“Hell, systems are dropping out of the loop without a word,” someone behind Kester added.

The lift capsule slowed to a stop; they left it as quickly as possible. They were in the small, brightly lit null-g docking facility of the station. The tube beside theirs released another half dozen men and women, all armed, all clearly and grimly frightened. Some of the men wore prison garb; no one seemed to notice or care.

Kester followed Morley into the passenger compartment of the VIP launch, flipping the safety on his rifle as he did so. He found himself small ship that had clearly not been design for prisoner transport. The compartment held rows of comfortably padded seats and there was fancy holographic projector in the ceiling of the forward end. There was a null-g wet bar on the bulkhead opposite the airlock. The disconnect between his surroundings and his bizarre circumstances blossomed into something like a waking nightmare.

People were moving too quickly, fumbling with straps and buckles in the crowded space. Curses were muttered between clenched teeth. The hatch to the command compartment was open and the pilot leaned into view. His short white hair was mussed and spiked out as he glared back at the crowd for a few seconds until he found Morley, who had taken the seat beside Kester’s. “Where’s the senator?” the pilot demanded.

“Dead,” Morley replied. “Saw him go down, along with his staff.”

“One of those things was wearin’ his face,” someone behind Kester said.

The ship shuddered violently and the pilot faced forward, tapped keys on instruments, then cursed vividly. “We’re boosting!”

Morley twisted in his seat and shouted, “Grab something. Now!

Those not yet secured in seats scrambled and flailed. A woman in black was free-floating near Kester, nowhere near a seat or even a take-hold loop. He grabbed her leg and hauled her down. Without a word of protest, she curled against him, holding tight.

It felt as if something had kicked the ship sideways, a lurch that nearly tore his fellow passenger loose. At least two people were not so lucky, and Kester heard their bodies hit the bulkhead, wincing at the gasps of pain that followed. He saw Morley turn a horrid shade of paste white, clutching at the armrests of his seat. A moment later the kick was replaced by several seconds of crushing force as the ship’s main engines fired. The woman he held gasped and whimpered, and Kester was certain his chest would be crushed as acceleration pushed her down onto him.

Acceleration was mercifully brief. From the sounds that followed, more than one of his fellow refugees had been hurt, and quite possibly badly injured at that. Kester released the woman, a prison guard he remembered as one of the less friendly of the crew. Their eyes met and she nodded a wordless thanks, then performed a null-g crawl to the nearest seat and strapped herself in. “We’re clear and headed away,” the white-haired pilot of the VIP launch announced. “Transport One and Two report the same.”

“Show us what’s happening,” Morley demanded.

A holograph filled the forward display area. The unadorned space station was front and center, a fat ring connected by three spokes to a long, slim spindle. Just beyond it was what looked like an RDF heavy cruiser, a sight that brought a puzzled frown to Kester’s face. The Leyra’an had copied Human warships; were they behind all of this? Something in his gut denied it. Kester knew the Leyra’an better than most veterans of the long war with snake-skinned people. The things they’d shot in the corridor had nothing to do with the Leyra’an.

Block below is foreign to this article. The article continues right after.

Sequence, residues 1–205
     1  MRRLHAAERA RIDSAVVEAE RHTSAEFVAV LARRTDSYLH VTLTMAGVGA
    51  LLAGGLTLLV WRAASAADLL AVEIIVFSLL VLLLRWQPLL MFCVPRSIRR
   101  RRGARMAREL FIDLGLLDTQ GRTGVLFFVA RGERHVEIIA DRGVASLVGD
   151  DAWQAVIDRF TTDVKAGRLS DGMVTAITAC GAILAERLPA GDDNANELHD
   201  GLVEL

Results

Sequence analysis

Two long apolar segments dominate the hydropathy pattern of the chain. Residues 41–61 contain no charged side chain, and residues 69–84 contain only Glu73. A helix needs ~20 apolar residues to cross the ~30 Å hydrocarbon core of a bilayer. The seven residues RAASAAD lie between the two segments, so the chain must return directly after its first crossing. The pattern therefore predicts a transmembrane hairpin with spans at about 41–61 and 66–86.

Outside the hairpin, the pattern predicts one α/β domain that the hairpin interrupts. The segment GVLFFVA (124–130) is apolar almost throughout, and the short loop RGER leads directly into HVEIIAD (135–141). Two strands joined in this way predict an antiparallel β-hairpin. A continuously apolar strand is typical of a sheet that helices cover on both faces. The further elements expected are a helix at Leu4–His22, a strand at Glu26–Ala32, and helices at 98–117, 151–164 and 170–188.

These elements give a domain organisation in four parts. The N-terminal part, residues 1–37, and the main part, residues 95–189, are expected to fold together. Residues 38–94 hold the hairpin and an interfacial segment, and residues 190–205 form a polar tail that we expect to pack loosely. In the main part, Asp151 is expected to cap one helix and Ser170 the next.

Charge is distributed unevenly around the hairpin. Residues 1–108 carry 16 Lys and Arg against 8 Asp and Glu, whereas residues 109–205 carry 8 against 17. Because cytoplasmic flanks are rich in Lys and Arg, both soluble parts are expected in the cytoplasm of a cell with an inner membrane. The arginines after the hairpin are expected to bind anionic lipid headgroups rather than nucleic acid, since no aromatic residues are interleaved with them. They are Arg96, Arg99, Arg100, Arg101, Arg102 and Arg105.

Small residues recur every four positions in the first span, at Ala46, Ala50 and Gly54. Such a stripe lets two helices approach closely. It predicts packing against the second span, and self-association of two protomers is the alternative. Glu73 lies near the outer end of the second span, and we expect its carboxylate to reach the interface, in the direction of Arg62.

Small objects were pulling away from the station, headed toward them. Someone pointed that out.

“God,” said Morley. “If they reach us…”

“Missiles?” Kester asked.

“Some sort of transport device,” Morley replied, shaking his head. “That’s how they boarded the station. They…”

With a flare of light so bright the imaging system couldn’t quite control the glare – almost everyone looked away and blinked – the station turned into a ball of incandescent gas. The cruiser parked beside it vanished into the glare, then added its own explosion to the lurid display of destruction. All of the small transports vanished into the conflagration.

No one cheered. Someone half-whispered, “Holy Christ, it worked!”

“Davis was right,” Morley said as if speaking to himself. “The reactor was big enough. May God accept and keep his soul.”

Kester stared forward at the expanding ball of glowing gas and debris. For one horrible moment the silvery after-image, in hue so very much like the shining humanoids he had seen on the station, lingered in his vision. His imagination and memory, in a heartbeat of perversity, supplied the face Kester had seen on the creature he had destroyed. Fear and disbelief curdled within him, threatening to become nausea.

It wasn’t him! That’s just not possible!

In the moment before Kester had fired the rifle and killed the silver demon, it had worn the face of a friend. The friend he had accidentally betrayed.

The face of James Calavone.

All That Bedevils Us   Leave a comment

NEW RELEASE!

All That Bedevils Us: A Tale of the Second Iteration

Also available through Kindle Unlimited.

If not for the intervention of the insectoid beings called the T’lack, the Faceless War would have ended with the extinction of Humanity and its Sibling Species. That intervention came at a great cost for the T’lack. No one knows or understands Humanity’s debt to the T’lack better than Jan Costa, who paid his own terrible price at the end of that war.

Now the T’lack are themselves in grave danger, facing a devastating civil war between rival factions and threatened by a mysterious race of beings on the far side of T’lack space.